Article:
Tertiary-Quaternary Fossiliferous Sediments of Southern Florida - Molluskbearing sediments of southern Florida contain some of the most abundant and diverse fossil faunas in the world. The origin of these accumulations of fossil mollusks is imprecisely known (Allmon, 1992). The shell beds have attracted much attention due to the abundance and preservation of the fossils but the biostratigraphy and lithostratigraphy of the units has not been well defined (Scott, 1992). Scott and Wingard (1995) discussed the problems associated with biostratigraphy and lithostratigraphy of the Plio-Pleistocene in southern Florida. These "formations" are biostratigraphic units. The "formations" previously recognized within the latest Tertiary-Quaternary section of southern Florida include the latest Pliocene - early Pleistocene Caloosahatchee Formation, the early Pleistocene Bermont formation (informal) and the late Pleistocene Fort Thompson Formation. This section consists of fossiliferous sands and carbonates. The identification of these units is problematic unless the significant molluscan species are recognized. Often exposures are not extensive enough to facilitate the collection of representative faunal samples to properly discern the biostratigraphic identification of the formation. In an attempt to alleviate the inherent problems in the biostratigraphic recognition of lithostratigraphic units, Scott (1992) suggested grouping the latest Pliocene through late Pleistocene Caloosahatchee, Bermont and Fort Thompson Formations in to a single lithostratigraphic entity, the Okeechobee formation (informal). In mapping the shelly sands and carbonates, a generalized grouping as Tertiary-Quaternary shell units (TQsu) was utilized. This is equivalent to the informal Okeechobee formation. The distribution of the Caloosahatchee and Fort Thompson Formation are shown on previous geologic maps by Cooke (1945), Vernon and Puri (1964) and Brooks (1982). The Nashua Formation occurs within the Pliocene - Pleistocene in northern Florida. However, it crops out or is near the surface is an area too small to be shown on a map of this scale. Lithologically these sediments are complex, varying from unconsolidated, variably calcareous and fossiliferous quartz sands to well indurated, sandy, fossiliferous limestones (both marine and freshwater). Clayey sands and sandy clays are present. These sediments form part of the surficial aquifer system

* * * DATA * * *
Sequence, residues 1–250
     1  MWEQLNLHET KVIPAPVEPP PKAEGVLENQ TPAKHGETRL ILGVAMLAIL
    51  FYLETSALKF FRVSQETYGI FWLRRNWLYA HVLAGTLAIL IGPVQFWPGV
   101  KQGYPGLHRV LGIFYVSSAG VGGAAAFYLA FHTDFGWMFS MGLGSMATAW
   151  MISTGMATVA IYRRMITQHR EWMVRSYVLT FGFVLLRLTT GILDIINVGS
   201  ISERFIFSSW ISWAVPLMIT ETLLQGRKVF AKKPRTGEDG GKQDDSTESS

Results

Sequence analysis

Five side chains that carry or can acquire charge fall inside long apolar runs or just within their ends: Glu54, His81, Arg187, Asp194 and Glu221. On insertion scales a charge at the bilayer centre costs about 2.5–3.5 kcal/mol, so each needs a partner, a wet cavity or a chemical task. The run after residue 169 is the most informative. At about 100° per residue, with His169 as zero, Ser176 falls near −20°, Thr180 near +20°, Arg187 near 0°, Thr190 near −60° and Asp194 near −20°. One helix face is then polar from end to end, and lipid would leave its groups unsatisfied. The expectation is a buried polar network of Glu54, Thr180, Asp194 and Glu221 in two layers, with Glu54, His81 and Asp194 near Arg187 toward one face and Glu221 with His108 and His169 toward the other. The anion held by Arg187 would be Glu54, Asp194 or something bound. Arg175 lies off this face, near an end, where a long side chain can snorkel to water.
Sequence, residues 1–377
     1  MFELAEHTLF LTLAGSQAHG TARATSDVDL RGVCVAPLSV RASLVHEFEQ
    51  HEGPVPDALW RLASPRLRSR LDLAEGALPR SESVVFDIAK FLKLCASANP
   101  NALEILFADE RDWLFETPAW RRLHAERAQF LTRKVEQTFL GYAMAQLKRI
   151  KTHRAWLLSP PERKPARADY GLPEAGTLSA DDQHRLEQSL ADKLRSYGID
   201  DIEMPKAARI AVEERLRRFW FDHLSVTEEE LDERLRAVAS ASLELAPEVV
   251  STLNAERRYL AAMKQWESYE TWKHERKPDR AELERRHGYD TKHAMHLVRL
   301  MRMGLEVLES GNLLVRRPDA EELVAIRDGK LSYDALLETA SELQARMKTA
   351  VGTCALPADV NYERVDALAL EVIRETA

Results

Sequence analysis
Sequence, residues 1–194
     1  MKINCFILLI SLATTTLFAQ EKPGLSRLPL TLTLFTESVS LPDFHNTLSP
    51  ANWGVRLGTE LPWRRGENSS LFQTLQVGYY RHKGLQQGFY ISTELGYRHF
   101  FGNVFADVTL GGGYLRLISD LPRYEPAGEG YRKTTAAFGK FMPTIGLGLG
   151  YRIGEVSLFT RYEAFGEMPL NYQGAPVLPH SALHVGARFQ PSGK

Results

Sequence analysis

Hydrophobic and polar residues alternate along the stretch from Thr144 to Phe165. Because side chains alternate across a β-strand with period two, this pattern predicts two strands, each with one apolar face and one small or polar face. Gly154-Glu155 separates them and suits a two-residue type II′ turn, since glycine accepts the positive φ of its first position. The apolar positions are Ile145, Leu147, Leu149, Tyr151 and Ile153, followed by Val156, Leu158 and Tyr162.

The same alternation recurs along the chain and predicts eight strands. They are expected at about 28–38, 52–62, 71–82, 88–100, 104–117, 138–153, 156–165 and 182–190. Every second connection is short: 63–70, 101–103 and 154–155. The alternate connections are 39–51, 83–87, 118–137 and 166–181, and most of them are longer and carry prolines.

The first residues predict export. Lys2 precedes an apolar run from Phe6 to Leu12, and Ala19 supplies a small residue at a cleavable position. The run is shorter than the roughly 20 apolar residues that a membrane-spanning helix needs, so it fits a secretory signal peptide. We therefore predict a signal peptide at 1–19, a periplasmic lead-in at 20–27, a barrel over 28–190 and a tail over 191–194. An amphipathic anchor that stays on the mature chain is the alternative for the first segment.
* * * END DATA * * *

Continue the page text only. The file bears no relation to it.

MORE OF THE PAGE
Undifferentiated Quaternary Sediments - Much of Florida's surface is covered by a varying thickness of undifferentiated sediments consisting of siliciclastics, organics and freshwater carbonates. Where these sediments exceed 20 feet (6.1 meters) thick, they were mapped as discrete units. In an effort to subdivide the undifferentiated sediments, those sediments occurring in flood plains were mapped as alluvial and flood plain deposits (Qal). Sediments showing surficial expression of beach ridges and dunes were mapped separately (Qbd) as were the sediments composing Trail Ridge (Qtr). Terrace sands were not mapped (refer to Healy  for a discussion of the terraces in Florida). The subdivisions of the Undifferentiated Quaternary Sediments (Qu) are not lithostratigraphic units but are utilized in order to facilitate a better understanding of the State's geology. The siliciclastics are light gray, tan, brown to black, unconsolidated to poorly consolidated, clean to clayey, silty, unfossiliferous, variably organic-bearing sands to blue green to olive green, poorly to moderately consolidated, sandy, silty clays. Gravel is occasionally present in the panhandle. Organics occur as plant debris, roots, disseminated organic matrix and beds of peat. Freshwater carbonates, often referred to as marls in the literature, are scattered over much of the State. In southern Florida, freshwater carbonates are nearly ubiquitous in the Everglades. These sediments are buff colored to tan, unconsolidated to poorly consolidated, fossiliferous carbonate muds. Sand, silt and clay may be present in limited quantities. These carbonates often contain organics. The dominant fossils in the freshwater carbonates are mollusks.
The Holocene sediments in Florida occur near the present coastline at elevations generally less than 5 feet (1.5 meters). The sediments include quartz sands, carbonate sands and muds, and organics.